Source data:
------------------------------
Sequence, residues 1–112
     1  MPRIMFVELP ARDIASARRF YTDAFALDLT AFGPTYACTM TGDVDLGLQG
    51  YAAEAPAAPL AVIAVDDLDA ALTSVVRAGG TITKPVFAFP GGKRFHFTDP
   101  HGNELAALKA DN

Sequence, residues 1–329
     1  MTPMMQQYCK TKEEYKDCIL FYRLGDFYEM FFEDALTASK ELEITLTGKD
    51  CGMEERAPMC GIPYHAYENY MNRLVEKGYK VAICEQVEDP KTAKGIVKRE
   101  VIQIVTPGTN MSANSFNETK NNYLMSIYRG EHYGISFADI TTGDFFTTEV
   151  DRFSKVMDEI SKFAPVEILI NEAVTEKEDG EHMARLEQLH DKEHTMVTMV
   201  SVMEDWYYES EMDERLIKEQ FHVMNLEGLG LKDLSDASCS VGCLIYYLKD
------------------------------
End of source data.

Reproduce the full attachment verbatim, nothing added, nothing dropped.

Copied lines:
Sequence, residues 1–112
     1  MPRIMFVELP ARDIASARRF YTDAFALDLT AFGPTYACTM TGDVDLGLQG
    51  YAAEAPAAPL AVIAVDDLDA ALTSVVRAGG TITKPVFAFP GGKRFHFTDP
   101  HGNELAALKA DN

Sequence, residues 1–329
     1  MTPMMQQYCK TKEEYKDCIL FYRLGDFYEM FFEDALTASK ELEITLTGKD
    51  CGMEERAPMC GIPYHAYENY MNRLVEKGYK VAICEQVEDP KTAKGIVKRE
   101  VIQIVTPGTN MSANSFNETK NNYLMSIYRG EHYGISFADI TTGDFFTTEV
   151  DRFSKVMDEI SKFAPVEILI NEAVTEKEDG EHMARLEQLH DKEHTMVTMV
   201  SVMEDWYYES EMDERLIKEQ FHVMNLEGLG LKDLSDASCS VGCLIYYLKD